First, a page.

Forced to bat with the bases loaded against Mets closer Francisco Rodriguez in 2009, Mo stunned everyone by working a walk to make his only career appearance on the basepaths and earn his only RBI. It was every bit as hilarious as one might have guessed from the description alone.
27. Back to the Fall Classic
The Yankees returned to the World Series in '09, their first season at the new Yankee Stadium. Mo threw seven innings of one-run ball in the ALCS against the Angels to help the Yankees defeat them in six games. He struck out Gary Matthews Jr. to end it.
28. A World Series champion again
The Yankees beat the Phillies in six games during the World Series to earn their 27th World Series title. Rivera did not allow the Phillies a run in 5 1/3 Fall Classic innings.
29. Five-time champion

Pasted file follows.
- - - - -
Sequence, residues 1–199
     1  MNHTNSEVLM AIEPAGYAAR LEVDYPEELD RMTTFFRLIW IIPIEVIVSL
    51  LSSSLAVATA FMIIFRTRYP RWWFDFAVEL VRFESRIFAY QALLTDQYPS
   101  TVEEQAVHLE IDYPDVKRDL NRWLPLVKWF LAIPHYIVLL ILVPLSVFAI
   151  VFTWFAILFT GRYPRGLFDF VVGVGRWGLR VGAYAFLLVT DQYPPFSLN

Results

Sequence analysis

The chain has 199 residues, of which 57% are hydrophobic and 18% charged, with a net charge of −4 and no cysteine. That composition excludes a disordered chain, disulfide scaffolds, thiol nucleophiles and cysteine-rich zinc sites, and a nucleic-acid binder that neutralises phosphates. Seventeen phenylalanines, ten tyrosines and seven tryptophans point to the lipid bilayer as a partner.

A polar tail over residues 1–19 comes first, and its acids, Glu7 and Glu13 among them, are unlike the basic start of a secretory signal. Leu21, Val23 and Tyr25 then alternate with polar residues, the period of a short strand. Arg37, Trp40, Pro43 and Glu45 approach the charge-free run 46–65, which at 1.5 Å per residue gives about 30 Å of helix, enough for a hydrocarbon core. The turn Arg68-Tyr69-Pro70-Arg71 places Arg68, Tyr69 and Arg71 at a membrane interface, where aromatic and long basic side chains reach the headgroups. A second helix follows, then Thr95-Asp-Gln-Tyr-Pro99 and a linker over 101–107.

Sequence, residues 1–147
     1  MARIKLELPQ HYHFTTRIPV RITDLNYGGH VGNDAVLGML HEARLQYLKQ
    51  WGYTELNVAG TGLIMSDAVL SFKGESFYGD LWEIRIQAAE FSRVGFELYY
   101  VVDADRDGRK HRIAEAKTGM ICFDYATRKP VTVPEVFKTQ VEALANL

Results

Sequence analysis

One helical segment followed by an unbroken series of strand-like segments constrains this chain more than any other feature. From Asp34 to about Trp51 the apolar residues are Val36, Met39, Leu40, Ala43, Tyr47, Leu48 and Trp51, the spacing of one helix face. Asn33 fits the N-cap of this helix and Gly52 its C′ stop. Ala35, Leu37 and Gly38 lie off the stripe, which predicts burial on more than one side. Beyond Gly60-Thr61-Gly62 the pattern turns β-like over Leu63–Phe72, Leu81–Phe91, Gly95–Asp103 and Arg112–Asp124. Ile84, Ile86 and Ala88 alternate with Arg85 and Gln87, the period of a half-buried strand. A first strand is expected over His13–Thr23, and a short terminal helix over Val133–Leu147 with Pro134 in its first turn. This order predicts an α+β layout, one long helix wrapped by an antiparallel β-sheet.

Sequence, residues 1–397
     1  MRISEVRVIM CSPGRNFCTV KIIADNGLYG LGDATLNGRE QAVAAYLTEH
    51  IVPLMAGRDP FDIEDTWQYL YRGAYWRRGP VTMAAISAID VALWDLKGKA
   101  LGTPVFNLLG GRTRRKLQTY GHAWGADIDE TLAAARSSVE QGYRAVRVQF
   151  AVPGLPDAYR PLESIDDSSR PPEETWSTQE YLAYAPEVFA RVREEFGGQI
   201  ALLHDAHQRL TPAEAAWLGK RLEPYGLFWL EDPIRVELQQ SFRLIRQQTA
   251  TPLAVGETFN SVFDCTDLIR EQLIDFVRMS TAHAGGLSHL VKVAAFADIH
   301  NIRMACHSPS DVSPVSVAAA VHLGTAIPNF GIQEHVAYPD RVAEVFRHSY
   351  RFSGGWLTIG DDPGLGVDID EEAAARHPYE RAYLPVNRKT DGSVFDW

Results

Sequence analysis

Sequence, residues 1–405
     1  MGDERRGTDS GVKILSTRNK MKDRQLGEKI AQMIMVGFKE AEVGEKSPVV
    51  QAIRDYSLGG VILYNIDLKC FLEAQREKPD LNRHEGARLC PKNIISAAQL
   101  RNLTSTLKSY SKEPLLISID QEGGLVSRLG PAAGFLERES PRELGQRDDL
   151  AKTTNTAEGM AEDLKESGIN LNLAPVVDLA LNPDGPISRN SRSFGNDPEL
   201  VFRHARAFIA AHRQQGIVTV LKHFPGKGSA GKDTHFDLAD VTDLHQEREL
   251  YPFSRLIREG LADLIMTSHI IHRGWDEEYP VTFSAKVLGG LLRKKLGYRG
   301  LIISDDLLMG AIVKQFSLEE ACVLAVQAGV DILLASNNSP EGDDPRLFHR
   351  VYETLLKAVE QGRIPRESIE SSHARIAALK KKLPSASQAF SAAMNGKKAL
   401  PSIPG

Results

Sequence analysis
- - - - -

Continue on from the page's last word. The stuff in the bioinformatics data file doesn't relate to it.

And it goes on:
30. The all-time saves leader
In 2011, Mo notched his 602nd career save to finally move past Hoffman and become baseball's all-time leader in saves. It was a long time coming and another honor long anticipated for Mo.
Mo reacts to the 2013 Yankees
The Retirement Party
35. All-Star Farewell
Selected for his 13th All-Star Game in his last 16 full seasons, MLB set the spotlight for Mo, as he saluted fans on the national stage for one last time. He pitched a 1-2-3 eighth inning and was voted the All-Star Game MVP in an otherwise-quiet 3-0 win for the American League. Mo's All-Star teams went 10-2-1 in his career.
36. The Charitable Farewell Tour